This is a long letter. It takes a bit of time to update you on how things progress each year. If you just want the Twitter version of less than 140 characters, here it is …
2013 a great year. Doubled insurance business with Alterra acquisition. Rest of Markel grew by double digits. Expect more over time.
More important than any one year, is the long-term record of compounding the value of your company over time. As we have for many years we start this letter with a 20 year compilation of our most important financial measures in the table below. As is always the case, the numbers in this chart stem from the unique financial architecture in place at Markel. We’ve earned wonderful returns on your capital over decades. One reason for that is that each year, and in fact, each day, we get to choose from a varied menu as to how to allocate capital to continue to build the value of your company. Most companies do not enjoy the 360 degree range of choices we do to build value.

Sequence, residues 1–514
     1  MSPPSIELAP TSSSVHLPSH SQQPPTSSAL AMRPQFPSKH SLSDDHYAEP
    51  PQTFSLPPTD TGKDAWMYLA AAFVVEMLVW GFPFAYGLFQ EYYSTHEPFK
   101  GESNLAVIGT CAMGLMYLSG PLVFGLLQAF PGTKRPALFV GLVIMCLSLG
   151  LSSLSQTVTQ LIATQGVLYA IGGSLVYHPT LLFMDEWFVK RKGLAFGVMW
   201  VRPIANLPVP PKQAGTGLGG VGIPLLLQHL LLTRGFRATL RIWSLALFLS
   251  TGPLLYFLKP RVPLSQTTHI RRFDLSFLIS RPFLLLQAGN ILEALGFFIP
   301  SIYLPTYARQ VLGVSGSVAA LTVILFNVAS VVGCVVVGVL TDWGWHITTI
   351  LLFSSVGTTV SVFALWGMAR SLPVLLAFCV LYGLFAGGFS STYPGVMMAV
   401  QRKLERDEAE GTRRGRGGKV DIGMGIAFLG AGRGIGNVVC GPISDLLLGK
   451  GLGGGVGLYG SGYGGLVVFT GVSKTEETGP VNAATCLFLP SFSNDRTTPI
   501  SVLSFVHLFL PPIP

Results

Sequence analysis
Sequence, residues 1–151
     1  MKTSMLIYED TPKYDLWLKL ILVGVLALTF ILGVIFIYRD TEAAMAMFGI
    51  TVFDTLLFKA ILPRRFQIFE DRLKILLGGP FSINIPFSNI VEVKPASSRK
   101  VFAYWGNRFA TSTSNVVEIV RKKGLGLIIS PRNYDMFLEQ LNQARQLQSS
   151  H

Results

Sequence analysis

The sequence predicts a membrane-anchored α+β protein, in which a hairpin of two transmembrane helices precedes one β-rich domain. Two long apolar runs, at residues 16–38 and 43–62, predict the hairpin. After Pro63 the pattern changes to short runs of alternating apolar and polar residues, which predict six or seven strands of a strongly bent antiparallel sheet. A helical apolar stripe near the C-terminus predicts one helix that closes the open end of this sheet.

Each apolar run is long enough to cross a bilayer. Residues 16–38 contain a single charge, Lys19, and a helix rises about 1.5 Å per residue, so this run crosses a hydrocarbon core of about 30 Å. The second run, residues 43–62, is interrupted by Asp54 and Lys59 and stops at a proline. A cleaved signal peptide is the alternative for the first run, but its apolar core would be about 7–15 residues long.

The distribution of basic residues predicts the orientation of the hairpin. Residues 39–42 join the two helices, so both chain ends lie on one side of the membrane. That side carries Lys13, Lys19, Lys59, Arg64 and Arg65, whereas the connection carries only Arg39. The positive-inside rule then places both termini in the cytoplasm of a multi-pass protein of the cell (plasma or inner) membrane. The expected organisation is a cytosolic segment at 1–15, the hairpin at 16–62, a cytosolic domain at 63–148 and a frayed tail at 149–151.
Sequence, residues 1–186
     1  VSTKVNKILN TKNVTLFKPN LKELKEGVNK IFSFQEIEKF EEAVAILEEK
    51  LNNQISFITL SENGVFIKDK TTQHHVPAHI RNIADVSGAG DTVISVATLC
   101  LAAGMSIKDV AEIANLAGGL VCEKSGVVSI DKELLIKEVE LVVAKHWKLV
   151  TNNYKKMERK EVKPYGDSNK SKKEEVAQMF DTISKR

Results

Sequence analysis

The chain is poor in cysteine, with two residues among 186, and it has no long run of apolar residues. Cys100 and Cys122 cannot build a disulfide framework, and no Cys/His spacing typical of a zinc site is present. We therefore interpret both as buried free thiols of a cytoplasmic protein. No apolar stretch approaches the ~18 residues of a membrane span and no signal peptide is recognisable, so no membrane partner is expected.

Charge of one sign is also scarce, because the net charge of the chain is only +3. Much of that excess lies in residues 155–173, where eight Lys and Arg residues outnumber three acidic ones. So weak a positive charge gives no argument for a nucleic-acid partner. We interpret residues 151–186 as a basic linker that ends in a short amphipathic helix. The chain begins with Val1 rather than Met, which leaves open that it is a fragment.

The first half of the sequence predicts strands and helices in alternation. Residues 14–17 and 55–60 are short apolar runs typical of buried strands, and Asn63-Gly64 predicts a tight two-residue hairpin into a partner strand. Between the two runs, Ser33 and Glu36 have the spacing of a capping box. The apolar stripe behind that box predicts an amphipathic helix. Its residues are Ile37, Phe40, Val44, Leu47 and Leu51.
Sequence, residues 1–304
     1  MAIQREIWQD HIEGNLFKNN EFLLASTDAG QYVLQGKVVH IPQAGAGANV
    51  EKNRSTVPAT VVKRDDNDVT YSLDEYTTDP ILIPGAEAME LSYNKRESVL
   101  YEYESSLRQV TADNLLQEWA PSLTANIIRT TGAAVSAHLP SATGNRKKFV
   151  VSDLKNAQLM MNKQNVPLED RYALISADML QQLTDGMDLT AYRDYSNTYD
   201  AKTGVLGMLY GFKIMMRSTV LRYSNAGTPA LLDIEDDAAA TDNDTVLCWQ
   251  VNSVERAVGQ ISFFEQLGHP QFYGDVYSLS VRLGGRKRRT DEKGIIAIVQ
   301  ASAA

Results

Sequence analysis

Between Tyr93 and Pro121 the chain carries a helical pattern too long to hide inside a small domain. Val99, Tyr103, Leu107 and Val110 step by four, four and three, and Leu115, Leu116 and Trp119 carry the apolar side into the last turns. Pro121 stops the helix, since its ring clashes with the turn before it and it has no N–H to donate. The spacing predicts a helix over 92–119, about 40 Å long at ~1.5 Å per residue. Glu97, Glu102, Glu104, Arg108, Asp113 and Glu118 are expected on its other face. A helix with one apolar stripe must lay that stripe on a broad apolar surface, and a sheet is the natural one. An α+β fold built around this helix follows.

Our first and favorite option is to fund organic growth opportunities within our proven, existing line up of insurance and non-insurance businesses. Our next choice is to buy new businesses. Our third choice is to allocate capital to publicly traded equity and fixed income securities, and our final choice is to repurchase shares of our own stock when it is attractively priced and increases the value of each remaining outstanding share.
In 2013 we did all four of those activities just as we have for several years. The execution of our daily business against that framework is what produces the results we’ve earned for you over time and display for you here.